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Dustin Pearson

Years: 2016


Dustin Pearson is the author of Millennial Roost (Eyewear Publishing, 2018). He is a McKnight Doctoral Fellow in Creative Writing at Florida State University. The recipient of a global fellowship from the Virginia G. Piper Center for Creative Writing, Pearson has served as the editor of Hayden's Ferry Review and a Director of the Clemson Literary Festival. He won the Academy of American Poets Katharine C. Turner Prize and holds an MFA from Arizona State University. His work appears in BlackbirdVinyl Poetry, Bennington Review, and elsewhere.


Love, the Ugly


Our mother’s hair

fell sharp

as razor wire,

her hands morphed

to talons,

her smell,

wet iron,

and for a while

every touch

she gave

was a cut

on us, every kiss

sent toxins

into our veins.

We could hear

how her bones

snapped, see smoke

exit at each

of their breakings,

and all through

the night

we heard

her screams,

every story

told a curse,


each of us

its container.



Sleeping with Grandfather


I remember Mom threading the needle,

lashing the stitch back and forth in her hands.

Grandfather had just died. We found him dead

on the hardwood, skin still vibrant and moist.

No time to waste, Mom peeled him in long, shapely strips,

then cut them into worthy squares. Grandfather

would become a blanket, an otherwise mixed message

for us to sleep under. Mom paid a guy

$50 to dig a hole to throw him in, and another 20

to cover it up. She sat around the plot making the quilt,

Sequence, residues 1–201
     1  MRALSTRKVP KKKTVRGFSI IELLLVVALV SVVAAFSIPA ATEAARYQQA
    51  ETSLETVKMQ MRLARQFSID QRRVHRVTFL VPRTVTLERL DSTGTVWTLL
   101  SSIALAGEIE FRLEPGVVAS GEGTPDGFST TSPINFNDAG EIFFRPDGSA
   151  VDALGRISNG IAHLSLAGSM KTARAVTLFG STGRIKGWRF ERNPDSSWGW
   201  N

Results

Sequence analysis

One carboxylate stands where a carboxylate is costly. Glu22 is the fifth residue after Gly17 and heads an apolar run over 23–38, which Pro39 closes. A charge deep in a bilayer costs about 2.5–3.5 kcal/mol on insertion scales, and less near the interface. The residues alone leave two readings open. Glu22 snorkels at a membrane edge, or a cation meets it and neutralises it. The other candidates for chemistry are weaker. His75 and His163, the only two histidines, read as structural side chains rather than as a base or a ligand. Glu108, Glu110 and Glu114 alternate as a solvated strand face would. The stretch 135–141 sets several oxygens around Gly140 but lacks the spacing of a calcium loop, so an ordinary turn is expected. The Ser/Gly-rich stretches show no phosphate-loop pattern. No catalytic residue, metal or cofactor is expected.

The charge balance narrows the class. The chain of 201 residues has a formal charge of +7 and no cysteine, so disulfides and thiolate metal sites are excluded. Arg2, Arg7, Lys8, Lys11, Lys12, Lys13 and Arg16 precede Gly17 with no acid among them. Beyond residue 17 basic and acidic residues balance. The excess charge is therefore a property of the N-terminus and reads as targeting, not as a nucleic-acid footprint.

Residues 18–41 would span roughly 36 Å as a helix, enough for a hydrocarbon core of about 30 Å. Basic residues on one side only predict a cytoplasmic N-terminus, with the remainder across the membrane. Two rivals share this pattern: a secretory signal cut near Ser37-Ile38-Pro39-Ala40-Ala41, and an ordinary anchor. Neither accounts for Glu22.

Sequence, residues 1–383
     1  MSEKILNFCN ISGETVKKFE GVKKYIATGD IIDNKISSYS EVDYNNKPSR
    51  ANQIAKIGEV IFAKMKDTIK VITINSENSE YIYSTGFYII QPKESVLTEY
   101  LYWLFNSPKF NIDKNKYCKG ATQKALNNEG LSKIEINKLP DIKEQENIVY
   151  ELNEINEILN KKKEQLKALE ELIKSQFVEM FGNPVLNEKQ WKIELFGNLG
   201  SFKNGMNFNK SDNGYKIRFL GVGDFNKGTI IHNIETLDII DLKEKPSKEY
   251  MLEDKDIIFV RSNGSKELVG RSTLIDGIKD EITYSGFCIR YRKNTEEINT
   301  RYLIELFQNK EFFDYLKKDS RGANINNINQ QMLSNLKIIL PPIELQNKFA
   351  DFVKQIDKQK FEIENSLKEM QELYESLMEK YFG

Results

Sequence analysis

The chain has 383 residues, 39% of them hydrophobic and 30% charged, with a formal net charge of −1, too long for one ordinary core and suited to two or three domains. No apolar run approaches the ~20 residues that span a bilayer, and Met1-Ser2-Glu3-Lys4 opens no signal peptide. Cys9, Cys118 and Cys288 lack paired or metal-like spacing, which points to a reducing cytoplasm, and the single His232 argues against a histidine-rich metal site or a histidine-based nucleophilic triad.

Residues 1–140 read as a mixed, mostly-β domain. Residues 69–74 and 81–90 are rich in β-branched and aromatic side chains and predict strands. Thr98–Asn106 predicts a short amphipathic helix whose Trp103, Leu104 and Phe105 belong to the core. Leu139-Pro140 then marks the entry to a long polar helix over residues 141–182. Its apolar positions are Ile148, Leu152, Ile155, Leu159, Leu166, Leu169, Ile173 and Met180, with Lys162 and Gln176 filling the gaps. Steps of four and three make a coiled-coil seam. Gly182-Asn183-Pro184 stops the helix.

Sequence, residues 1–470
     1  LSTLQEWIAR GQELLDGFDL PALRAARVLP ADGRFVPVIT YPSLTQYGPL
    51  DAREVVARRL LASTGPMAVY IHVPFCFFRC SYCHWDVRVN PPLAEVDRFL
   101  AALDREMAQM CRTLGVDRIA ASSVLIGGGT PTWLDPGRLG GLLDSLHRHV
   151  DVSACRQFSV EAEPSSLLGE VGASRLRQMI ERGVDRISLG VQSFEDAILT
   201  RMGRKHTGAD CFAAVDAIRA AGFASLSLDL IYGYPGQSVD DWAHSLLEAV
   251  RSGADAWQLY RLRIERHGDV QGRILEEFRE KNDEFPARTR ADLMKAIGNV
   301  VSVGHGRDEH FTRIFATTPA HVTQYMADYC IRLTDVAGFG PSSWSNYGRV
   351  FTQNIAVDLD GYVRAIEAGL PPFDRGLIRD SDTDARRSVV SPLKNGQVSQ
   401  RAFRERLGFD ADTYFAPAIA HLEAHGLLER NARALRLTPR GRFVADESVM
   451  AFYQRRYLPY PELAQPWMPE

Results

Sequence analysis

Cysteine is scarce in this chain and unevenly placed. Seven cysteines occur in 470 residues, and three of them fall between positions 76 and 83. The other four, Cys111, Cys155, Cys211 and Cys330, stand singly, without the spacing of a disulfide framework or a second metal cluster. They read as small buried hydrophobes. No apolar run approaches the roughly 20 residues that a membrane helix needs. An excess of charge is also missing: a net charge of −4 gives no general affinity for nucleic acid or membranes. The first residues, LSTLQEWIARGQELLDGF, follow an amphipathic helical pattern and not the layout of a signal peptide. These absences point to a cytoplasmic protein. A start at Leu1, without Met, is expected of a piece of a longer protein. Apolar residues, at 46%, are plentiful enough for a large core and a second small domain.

and we sat a skirt around her while she told the story of him.

Bastard, always made off on cold nights, paying for warmth

he hadn’t bothered to find right in front of him, but I promise,

she said, you all will have. He won’t take that away from you,

and it’ll kill him, you know, shacking up to benefit his own kin.

And she was right. All those years, we had him.

At bedtime, we’d pull him back from the headboard,

tucking ourselves feet first before pulling him over our faces,

warm as any, dreams stirring under a world whispering.




The Thawing Season


There are times when the door to Mom’s bedroom

doesn’t open. Sometimes, it lasts for months.

Frost creeps from the floor tiles to the walls,

but her door still burns like a furnace. What’s left

of the heat throughout the rest of the house floats

to the top. Dad shows in his red pickup. In the back

are meat hooks and long lays of chicken and beef and pork.

Through the door, Dad animates in black boots,

an apron and rubber gloves. Before long, his frozen cast

of meats hangs above us. He puts a pot of water to boil

on the stove and looks after us. Perhaps he’s lonely.

As the door to Mom’s room cracks, the meat starts

to thaw. Flies gather. The hooks and meat sway

in the air above us and drip, and soften shape,

and sometimes fall on us from the ceiling.

We’re covered in blood, dead meats and their juices

with our dad, and we settle in well to this routine

by the time the water boils, he’s gone again.